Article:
The last Maserati GranTurismo lived a long life and left a spectacularly good-looking corpse, but there’s no denying it felt pretty far off the pace by the time of its eventual retirement. Maserati’s recent run of form – specifically the excellence of the MC20 – means that hopes for the all-new car are much higher.
Like its predecessor, this GranTurismo is a seriously handsome car. Dimensions are pretty much unchanged – it is 49mm longer and 42mm wider – but the new car has gained some more muscular curvature and so it actually looks a little more compact. It sits on a new platform that will also underpin the forthcoming Quattroporte, and features a structure that combines aluminium with high-strength steel. At 1,795kg it is no svelte lightweight but is actually lighter than its pudgy predecessor, and that’s despite the standard fitment of all-wheel drive and air suspension.
The engine is the biggest change from the retired model. The sonorous V8 has gone, replaced by Maserati’s ‘Nettuno’ twin-turbocharged 3.0-litre V6. This is the same motor that powers both the MC20 and the punchiest Trofeo version of the Grecale and features a very clever pre-combustion chamber. Two outputs will be offered, the Modena getting 490hp and the range-topping Trofeo, which I spent most time driving in Italy, having 550hp. The Trofeo also gets various other tweaks including an electronically controlled rear differential capable of torque biasing and a harder-edged Corsa dynamic mode. An eight-speed ZF autobox is standard on the combustion versions. There is also a fully electric Folgore version, which I experienced in prototype form, but I’ll tell you about that elsewhere.
The cabin is where the new GranTurismo has been most obviously transformed. While there was an olde-world charm about the ability to combine wood and light leather in the outgoing car, its ergonomics always felt closer to the nineties than the noughties, with heating and ventilation controls relegated to a button-laden panel with LCD temperature displays.
Conventional switchgear has been practically eliminated with the exception of the various controls on the steering wheel, these including a rotary dial for the various driving modes on the right and an engine start/stop button on the left. But the GranTurismo keeps with Maserati’s tradition of push-button gear selectors, with P/R/N/D controls above the lower display screen. Although usability was generally good there were a couple of foibles, including having to use the touchscreen to release the gearbox. It also has electric door release buttons, which seem completely pointless given the GranTurismo still has internal mechanical handles as well to give redundancy in the event of a power failure. Why has this become such a common thing?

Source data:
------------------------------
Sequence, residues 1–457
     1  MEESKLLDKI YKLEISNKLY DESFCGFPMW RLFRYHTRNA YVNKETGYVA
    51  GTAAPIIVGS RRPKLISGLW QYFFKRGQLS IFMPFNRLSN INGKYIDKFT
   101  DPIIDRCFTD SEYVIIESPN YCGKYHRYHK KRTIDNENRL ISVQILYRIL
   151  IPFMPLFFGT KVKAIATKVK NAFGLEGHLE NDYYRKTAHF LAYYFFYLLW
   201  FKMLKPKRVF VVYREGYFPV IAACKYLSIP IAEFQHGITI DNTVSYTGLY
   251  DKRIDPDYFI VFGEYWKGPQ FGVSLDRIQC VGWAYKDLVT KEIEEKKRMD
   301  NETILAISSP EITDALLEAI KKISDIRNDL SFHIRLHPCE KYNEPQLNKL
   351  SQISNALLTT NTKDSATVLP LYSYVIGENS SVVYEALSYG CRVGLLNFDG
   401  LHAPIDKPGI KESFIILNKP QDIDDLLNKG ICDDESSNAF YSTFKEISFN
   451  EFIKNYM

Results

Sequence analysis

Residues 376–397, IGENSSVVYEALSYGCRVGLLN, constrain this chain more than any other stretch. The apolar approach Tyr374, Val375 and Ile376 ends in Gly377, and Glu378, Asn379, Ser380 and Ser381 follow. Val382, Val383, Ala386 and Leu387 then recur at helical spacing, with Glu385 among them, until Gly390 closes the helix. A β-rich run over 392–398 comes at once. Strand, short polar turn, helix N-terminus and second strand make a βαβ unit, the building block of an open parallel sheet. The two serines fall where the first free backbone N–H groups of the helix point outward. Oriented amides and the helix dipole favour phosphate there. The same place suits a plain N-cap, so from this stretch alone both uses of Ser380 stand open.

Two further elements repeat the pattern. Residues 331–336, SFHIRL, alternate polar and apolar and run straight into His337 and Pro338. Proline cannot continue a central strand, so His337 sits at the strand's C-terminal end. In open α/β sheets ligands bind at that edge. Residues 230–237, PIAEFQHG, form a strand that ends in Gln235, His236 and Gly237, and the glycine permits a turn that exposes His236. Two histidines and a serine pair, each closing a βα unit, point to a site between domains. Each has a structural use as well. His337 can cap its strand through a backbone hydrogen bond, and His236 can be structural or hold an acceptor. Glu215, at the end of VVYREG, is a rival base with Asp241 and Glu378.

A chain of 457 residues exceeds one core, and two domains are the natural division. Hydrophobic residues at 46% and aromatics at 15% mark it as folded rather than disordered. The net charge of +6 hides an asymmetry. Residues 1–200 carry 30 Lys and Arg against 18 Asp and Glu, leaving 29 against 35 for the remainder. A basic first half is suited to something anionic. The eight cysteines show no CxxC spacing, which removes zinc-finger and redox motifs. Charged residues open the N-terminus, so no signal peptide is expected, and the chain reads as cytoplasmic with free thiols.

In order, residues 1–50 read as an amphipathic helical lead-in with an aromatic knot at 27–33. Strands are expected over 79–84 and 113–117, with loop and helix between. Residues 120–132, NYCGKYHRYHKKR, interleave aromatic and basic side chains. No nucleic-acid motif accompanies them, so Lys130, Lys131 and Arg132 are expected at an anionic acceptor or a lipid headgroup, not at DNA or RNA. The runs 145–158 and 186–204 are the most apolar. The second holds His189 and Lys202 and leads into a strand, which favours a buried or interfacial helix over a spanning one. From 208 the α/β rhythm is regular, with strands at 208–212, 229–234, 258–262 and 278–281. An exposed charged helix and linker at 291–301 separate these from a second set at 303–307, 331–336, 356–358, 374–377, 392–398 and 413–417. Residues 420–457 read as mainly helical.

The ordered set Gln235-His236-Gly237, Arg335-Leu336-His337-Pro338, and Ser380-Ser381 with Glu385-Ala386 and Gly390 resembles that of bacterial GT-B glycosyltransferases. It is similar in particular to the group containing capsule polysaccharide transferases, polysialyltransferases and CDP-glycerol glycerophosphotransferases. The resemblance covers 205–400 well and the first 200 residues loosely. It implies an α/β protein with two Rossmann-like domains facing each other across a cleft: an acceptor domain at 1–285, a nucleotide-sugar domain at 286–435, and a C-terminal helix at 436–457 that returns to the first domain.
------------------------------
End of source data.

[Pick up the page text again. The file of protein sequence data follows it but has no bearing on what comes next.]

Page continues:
Overall though the quality of materials and construction felt impressively high. I particularly liked the reconfigurable circular mini-screen that has replaced the traditional Maserati dash-top clock. This can indeed display a crisply rendered clockface, but also a compass or a G-meter. The GranTurismo also remains very practical by the standards of something so sleek and handsome. Space in the back isn’t generous, but it is adult-viable certainly for short journeys – something that couldn’t be said of many other two-door GTs. It’s still comfy after a couple of hours behind the wheel, too.
You won’t be spitting tea to learn the Nettuno has a very different character to the old naturally aspirated V8. That’s obvious as soon as it fires into life, with a slight but noticeable amount of vibration coming through the seat base as it idles. Low down it sounds thrummy and a bit gravelly – as in its other applications it feels more redolent of rallying than racing. Left in the softest Comfort dynamic mode with the transmission shifting up early and often in drive there is even something a bit dieselly about the Nettuno. But dieselly in a good way, if that makes sense - it reminded me slightly of Audi’s mighty twin-turbo BiTDI engine.
Put down the pitchforks and extinguish the torches – this is only the edge of the experience, an occasional impression rather than an oil-burning tribute act. Push harder, allow the Nettuno to build boost pressures, and it finds a much more compelling voice and an enthusiasm to rev. It is less savage than in the MC20 – as you’d expect given the GranTurismo Trofeo makes 80hp less than the mid-engined car and produces this peak 1,000rpm lower down the rev range. But there is much of the same spirit in the way urge builds to the lowlier 7,200rpm redline, also the way in which the coupe devours the closely stacked ratios of its eight-speed ‘box.